Still another embodiment 700 of the present spin valve sensor is shown in FIG. 15 which is the same as the spin valve sensor 600 shown in FIG. 13 except the AP pinned layer 702 omits the interface layer 612 and makes the first and second films 708 and 710 of cobalt iron (Co90 Fe10). The AP pinned layer 702 has the same advantages as the AP pinned layer 302 in FIG. 11 and the SCF pinned layer 742 has the same advantages as the SCF pinned layer 642 in FIG. 13. When the sense current field Is is directed as shown in FIG. 16 the SCF pinned layer 742 is directed in the proper direction for adding its spin valve effect to the spin valve effect of the AP pinned layer 702.

Still another embodiment 800 of the present spin valve sensor is shown in FIG. 17 which is the same as the spin valve sensor 700 shown in FIG. 15 except the free layer 816 includes a free film 850 which is sandwiched between first and second GMR enhancing films 852 and 854. The first GMR enhancing film 852 enhances the spin dependent electron scattering at the interface of the first GMR enhancing layer 852 with the first spacer layer 814 and the second GMR enhancing layer 854 enhances the spin dependent scattering at the interface of the second GMR enhancing layer 854 with the second spacer layer 840. Both of the first and second GMR enhancing layers 852 and 854 are made of cobalt iron (Co90 Fe10) and each of their thicknesses is preferably 7 Å. The second GMR enhancing layer 854 has the same advantages as described for the GMR enhancing film 420 in FIG. 12. Accordingly, the embodiment 800 in FIG. 17 has all of the advantages described for all of the previous embodiments. Spin dependent scattering is doubly enhanced by the first and second GMR enhancing layers 852 and 854 and the spin valve effect is doubled by the operation of the AP pinned layer 802 and the SCF pinned layer 842. Because of the use of cobalt iron (Co90 Fe10) the magnetic layers are highly stable, have near zero magnetostriction and have high resistance. FIG. 18 shows the required sense current fields for establishing the direction of the magnetic moment 844 of the SCF pinned layer 842 in the same direction as the magnetic moment 848 of the second film 810 of the AP pinned layer.

It should be understood that the various thicknesses of the layers can vary from that as described hereinabove. Preferred ranges for the thicknesses of the layers are 375-475 Å for the AFM pinning layer 804 in FIG. 18, 15-30 Å for the first film 808, 6-10 Å for the AP coupling film 806, 15-30 Å for the second film 810, 18-30 Å for the first spacer film 814, 3-10 Å for the first GMR enhancing film 852, 30-100 Å for the free film 850, 3-10 Å for the second GMR enhancing film 854, 18-30 Å for the second spacer layer 840, 5-20 Å for the SCF pinned layer 842 and 25-100 Å for the cap layer 818. The preferred range for the interface layer 612 in FIG. 14 is 8-15 Å. It should be understood that the cobalt iron layers can have a different ratio than Co90 Fe10. For instance, the cobalt may have a percentage range of 95% to 80% and the iron may have a percentage range of 5% to 20%. The other layers may be made from other suitable materials, as desired.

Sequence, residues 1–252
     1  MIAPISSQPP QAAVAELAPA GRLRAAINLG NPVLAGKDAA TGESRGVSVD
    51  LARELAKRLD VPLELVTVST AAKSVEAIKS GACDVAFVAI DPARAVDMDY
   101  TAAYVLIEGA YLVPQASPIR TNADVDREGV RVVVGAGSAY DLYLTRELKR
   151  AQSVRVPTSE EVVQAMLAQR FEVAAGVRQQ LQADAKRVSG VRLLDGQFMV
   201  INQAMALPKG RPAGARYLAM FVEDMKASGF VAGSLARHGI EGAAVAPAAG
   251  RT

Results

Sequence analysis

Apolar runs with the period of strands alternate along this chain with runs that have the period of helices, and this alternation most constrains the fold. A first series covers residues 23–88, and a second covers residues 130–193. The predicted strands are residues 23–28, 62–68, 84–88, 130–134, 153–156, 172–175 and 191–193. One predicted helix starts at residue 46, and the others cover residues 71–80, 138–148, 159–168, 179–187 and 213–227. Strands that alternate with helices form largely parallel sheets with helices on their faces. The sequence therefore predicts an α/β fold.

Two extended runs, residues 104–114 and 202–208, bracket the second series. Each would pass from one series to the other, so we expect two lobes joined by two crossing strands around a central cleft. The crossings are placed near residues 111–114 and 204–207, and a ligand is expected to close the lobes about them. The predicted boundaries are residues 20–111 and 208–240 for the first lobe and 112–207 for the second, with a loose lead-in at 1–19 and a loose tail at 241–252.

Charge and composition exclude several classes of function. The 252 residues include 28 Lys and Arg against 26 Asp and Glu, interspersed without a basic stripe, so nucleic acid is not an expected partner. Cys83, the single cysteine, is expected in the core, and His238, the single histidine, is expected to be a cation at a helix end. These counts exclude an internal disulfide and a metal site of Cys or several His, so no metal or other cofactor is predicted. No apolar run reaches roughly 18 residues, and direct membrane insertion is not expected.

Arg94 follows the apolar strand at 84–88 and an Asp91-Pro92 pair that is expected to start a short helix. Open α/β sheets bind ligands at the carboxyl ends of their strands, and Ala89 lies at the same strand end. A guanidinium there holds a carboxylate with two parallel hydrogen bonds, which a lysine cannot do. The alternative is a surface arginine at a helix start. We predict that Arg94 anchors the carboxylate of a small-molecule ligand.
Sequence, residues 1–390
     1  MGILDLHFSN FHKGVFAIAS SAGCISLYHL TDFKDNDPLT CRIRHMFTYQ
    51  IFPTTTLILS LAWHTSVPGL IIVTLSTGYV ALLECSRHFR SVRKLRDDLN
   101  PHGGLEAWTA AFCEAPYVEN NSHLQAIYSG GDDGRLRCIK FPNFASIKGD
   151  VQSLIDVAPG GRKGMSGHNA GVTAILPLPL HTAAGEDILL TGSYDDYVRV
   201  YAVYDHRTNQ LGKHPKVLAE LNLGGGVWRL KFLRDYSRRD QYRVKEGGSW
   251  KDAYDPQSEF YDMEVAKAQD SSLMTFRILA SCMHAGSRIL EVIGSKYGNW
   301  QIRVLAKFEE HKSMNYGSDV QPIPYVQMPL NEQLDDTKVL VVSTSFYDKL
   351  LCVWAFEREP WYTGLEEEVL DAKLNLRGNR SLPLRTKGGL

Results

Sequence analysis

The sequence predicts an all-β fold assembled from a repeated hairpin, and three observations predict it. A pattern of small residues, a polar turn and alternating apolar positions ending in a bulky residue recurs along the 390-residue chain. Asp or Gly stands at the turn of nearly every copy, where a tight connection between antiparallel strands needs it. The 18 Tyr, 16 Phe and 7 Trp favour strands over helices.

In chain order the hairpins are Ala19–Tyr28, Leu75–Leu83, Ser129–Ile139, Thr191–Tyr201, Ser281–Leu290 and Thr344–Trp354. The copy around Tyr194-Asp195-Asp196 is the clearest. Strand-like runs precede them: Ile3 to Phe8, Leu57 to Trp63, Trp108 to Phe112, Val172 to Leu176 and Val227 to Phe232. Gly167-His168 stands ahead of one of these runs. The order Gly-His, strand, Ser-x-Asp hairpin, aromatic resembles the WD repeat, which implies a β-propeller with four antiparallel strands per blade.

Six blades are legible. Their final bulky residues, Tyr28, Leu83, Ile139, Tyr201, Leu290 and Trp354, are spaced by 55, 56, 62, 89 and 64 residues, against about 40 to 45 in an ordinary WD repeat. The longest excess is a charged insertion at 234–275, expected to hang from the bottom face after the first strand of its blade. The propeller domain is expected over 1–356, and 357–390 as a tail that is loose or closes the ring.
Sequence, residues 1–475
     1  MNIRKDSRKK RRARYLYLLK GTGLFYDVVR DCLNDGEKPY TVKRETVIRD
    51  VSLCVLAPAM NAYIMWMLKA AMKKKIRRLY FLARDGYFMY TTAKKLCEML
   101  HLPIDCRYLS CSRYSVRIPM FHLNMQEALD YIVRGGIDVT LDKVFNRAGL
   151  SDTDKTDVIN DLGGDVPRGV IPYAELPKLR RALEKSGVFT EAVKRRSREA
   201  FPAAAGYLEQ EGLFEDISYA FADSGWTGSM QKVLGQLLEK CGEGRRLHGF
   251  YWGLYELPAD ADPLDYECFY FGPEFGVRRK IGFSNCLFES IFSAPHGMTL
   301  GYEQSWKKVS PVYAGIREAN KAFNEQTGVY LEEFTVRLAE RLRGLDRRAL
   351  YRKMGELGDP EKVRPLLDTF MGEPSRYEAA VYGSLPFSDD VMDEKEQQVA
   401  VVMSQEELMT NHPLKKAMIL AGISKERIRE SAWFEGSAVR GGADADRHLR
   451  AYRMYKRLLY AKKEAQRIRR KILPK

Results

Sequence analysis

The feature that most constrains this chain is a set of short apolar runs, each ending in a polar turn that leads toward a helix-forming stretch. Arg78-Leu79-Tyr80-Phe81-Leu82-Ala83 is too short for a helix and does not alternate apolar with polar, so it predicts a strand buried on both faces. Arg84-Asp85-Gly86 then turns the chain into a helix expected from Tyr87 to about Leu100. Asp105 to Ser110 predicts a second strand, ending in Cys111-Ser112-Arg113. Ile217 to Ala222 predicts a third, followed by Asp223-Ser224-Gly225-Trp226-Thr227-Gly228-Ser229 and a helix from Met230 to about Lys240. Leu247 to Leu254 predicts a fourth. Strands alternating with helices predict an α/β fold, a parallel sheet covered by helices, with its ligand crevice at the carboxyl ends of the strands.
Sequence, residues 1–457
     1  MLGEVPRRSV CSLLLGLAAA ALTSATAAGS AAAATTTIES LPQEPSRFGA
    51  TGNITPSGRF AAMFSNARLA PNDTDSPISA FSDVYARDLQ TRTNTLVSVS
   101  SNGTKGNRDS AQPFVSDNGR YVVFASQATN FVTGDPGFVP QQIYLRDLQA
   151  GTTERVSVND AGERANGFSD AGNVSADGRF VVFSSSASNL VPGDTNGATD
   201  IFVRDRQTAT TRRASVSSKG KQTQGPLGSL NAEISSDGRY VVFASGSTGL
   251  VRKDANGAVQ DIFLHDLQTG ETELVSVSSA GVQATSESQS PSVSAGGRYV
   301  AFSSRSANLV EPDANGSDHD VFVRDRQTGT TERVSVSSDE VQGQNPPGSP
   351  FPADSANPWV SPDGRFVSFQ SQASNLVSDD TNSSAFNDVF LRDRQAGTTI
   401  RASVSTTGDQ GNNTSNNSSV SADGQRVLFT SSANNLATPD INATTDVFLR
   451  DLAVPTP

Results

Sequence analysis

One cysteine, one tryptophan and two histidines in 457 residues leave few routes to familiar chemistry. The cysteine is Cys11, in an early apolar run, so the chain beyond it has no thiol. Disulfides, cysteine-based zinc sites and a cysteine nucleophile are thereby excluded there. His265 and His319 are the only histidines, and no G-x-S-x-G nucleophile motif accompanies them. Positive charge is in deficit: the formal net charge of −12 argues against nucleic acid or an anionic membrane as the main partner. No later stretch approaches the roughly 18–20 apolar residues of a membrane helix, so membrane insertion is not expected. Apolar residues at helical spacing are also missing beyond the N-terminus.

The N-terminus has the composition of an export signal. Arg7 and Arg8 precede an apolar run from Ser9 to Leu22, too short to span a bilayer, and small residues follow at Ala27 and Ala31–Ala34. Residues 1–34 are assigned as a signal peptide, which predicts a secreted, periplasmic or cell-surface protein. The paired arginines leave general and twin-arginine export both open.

Clearly, other embodiments and modifications of this invention will readily occur to those of ordinary skill in the art upon reading these teachings. Therefore, this invention is to be limited only by the following claims, which include all such embodiments and modifications when viewed in conjunction with the above specification and accompanying drawings.

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Classifications
U.S. Classification360/324.11, G9B/5.114, G9B/5.131, G9B/5.135
International ClassificationG11B5/012, G11B5/39, G11B5/62
Cooperative ClassificationB82Y25/00, G11B5/3903, G11B2005/3996, G11B5/012, B82Y10/00, G11B5/3954, G11B5/3967
European ClassificationB82Y25/00, B82Y10/00, G11B5/39C3, G11B5/39C1M2M2, G11B5/39C
Legal Events
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Effective date: 20080919
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Mar 31, 2008REMIMaintenance fee reminder mailed
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Year of fee payment: 4
Nov 9, 1998ASAssignment
Owner name: INTERNATIONAL BUSINESS MACHINES CORPORATION, NEW Y
Free format text: ASSIGNMENT OF ASSIGNORS INTEREST;ASSIGNOR:GILL, HARDAYAL SINGH;REEL/FRAME:009582/0295
Effective date: 19981104